Mentor Program

Newtown Friends Meeting
Of the Religious Society of Friends
Mentoring Program

What is a mentor?
A mentor is an adult who, along with parents, provides young people with support, counsel, friendship, reinforcement and a constructive example.
Mentors are good listeners, people who care, people who want to help young people bring out strengths that are already there.

A mentor is:                                       A mentor is not:
a guide                                               a savior
a friend                                              a foster parent
a listener                                            a therapist
a coach                                              a parole officer
a responsive adult                           a cool peer

Responsible Mentoring
1. Is a structured one-to-one relationship or partnership that focuses on the needs of the mentored participants
2. Fosters caring and supportive relationships
3. Encourages individuals to develop to their fullest potential.
4. Helps an individual to develop his or her own vision for the future.
5. Is a strategy to develop active community partnerships.

FAQs of Mentors
What if…
…my help isn’t wanted?
It’s not easy to trust a stranger. It may take a while to build up a relationship and trust. Don’t interpret caution as a rejection. A young person may not show it – in fact, he or she may not even know it fully – but your help or interest is definitely wanted.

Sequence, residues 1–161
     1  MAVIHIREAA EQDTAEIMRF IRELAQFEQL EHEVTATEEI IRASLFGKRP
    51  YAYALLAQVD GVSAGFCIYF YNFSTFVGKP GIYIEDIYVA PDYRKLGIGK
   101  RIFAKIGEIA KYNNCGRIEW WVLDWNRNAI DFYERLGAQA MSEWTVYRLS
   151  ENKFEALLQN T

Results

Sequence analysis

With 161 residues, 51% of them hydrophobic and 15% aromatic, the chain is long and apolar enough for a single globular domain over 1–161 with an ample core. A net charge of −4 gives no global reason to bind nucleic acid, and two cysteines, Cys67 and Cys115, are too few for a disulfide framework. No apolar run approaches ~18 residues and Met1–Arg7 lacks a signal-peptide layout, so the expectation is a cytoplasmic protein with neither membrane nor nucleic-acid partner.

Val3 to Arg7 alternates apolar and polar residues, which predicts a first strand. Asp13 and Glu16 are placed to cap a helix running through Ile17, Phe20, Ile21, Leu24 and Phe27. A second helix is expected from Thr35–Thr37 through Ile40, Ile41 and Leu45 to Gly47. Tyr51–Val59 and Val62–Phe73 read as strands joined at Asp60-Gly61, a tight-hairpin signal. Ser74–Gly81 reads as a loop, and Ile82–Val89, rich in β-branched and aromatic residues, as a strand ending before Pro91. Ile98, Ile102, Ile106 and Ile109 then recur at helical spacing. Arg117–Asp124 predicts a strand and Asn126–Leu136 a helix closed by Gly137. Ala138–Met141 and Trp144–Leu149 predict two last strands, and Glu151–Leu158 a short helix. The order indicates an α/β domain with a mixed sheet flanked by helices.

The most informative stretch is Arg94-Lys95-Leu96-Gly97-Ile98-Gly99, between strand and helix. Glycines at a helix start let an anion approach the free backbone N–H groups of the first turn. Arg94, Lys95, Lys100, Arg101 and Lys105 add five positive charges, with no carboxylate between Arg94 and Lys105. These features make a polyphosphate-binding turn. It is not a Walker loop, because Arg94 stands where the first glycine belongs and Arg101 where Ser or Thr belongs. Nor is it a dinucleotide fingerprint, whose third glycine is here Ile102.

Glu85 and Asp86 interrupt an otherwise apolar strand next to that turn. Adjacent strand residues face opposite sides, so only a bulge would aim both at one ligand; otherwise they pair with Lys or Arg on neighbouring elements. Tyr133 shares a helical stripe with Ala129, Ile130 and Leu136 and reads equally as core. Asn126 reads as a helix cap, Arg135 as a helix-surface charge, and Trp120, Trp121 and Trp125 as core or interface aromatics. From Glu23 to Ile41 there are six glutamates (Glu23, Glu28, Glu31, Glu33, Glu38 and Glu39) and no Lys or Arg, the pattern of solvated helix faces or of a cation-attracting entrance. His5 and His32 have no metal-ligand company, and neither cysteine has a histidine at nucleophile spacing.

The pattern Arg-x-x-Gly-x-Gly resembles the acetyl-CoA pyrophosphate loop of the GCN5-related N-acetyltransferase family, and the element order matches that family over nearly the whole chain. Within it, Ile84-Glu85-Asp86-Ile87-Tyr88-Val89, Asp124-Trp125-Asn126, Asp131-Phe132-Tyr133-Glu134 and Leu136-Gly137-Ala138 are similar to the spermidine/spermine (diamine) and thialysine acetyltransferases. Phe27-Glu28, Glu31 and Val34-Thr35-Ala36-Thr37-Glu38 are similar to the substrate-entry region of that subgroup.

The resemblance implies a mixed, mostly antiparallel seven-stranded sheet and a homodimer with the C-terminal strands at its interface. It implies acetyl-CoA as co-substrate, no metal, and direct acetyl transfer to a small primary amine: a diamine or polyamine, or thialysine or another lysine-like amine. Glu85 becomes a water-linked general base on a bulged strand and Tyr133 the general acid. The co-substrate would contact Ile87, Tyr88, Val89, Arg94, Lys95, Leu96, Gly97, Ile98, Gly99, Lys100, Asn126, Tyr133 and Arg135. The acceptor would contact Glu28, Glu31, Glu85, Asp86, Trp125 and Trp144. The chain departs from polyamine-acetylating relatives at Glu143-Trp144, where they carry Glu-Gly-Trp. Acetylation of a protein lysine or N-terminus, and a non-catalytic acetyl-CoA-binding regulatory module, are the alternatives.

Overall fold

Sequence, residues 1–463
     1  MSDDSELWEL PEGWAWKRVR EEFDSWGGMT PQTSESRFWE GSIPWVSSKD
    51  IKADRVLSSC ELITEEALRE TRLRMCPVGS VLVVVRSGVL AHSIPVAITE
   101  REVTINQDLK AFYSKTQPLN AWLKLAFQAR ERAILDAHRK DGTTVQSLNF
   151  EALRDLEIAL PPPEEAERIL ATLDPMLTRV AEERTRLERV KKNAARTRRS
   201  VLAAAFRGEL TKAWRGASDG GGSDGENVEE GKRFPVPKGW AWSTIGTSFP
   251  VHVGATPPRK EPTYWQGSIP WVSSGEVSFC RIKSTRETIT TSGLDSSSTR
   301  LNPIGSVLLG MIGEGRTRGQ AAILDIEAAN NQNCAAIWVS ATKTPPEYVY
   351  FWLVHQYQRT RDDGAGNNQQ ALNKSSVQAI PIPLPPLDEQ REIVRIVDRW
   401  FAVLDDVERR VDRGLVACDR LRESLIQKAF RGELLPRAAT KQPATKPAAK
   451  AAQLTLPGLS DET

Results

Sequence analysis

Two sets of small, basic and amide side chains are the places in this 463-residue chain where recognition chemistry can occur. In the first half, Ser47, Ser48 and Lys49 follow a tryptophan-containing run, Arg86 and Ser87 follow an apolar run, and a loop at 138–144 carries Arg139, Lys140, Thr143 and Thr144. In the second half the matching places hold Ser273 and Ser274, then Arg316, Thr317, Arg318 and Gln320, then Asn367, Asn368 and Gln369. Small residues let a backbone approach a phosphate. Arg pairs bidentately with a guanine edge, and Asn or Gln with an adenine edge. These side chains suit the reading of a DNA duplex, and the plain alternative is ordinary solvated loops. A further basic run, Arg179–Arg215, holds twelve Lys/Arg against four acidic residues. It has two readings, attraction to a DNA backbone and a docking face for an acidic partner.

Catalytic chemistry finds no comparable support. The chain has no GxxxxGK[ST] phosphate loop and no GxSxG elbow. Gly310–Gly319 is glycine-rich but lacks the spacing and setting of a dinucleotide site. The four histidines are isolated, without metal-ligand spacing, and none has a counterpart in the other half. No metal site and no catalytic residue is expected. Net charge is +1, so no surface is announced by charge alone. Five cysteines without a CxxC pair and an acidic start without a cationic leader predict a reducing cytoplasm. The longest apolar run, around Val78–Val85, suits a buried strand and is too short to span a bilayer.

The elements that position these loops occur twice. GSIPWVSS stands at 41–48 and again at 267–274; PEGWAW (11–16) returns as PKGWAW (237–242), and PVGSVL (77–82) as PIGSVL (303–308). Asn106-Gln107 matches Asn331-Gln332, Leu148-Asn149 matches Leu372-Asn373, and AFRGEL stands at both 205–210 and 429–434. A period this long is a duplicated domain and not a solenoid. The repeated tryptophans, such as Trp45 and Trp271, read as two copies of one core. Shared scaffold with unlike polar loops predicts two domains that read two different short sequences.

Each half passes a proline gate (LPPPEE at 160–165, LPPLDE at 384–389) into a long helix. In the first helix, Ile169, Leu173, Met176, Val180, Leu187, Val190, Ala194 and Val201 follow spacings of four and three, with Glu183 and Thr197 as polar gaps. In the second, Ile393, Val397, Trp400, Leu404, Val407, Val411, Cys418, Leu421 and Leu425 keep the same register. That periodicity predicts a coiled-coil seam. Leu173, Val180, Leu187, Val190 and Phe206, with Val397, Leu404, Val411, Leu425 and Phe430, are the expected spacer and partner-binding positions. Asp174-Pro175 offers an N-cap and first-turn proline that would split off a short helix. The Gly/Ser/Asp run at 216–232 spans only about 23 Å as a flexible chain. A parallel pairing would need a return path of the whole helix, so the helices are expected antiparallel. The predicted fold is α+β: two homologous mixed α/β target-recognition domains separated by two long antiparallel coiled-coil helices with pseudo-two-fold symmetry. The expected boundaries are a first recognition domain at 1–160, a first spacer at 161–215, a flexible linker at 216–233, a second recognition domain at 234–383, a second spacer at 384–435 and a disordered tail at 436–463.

…if something really serious comes up?
Things do happen. Mentors have an important role, but that role does not include medical or psychological treatment, or family counseling. There are support systems in place for real emergencies. The most that is expected to do is help guide a young person to the appropriate source of professional help.

…I’m too different to relate?
Many first-time mentors worry about the age difference. In fact mentors report that mentoring a young person broadens their own horizons and deepens their understanding of other people.

…for some reason I can’t mentor any more?
Mentoring is not a huge commitment, but it is long-term. Ideally, mentors should stay connected at least until their mentee is 18. If unforeseen commitments come up, please contact the mentor program coordinators.

…if I am uncertain how to be a mentor?
If you are there for your young person, attempt to connect, do your best to listen and not to judge, attend some of the whole group activities, or come up with alternative activities, be honest and be yourself, you will have done everything right. Some young people are more receptive to having a mentor than others. Some may test the mentor’s commitment. Try not to take the behavior personally. Just keep trying your best.

…if my mentee and I do not seem to be able to find the time to get together?
Schedules are full and busy. All suggested activities are optional. As long as you make an effort to get together and show interest you are doing your part.

Suggested Activities

Organized pizza game night
Leaf raking in the fall
Carol singing in December
Philadelphia Area Walk for Hunger in April
Summer picnic

Other activities for mentor pairs are up to individual pairs to determine.
A list of brainstormed ideas will be available on the website.
For more information about the Newtown Friends Meeting Mentor Program contact
Tim Mammel at 856-266-7636, email:

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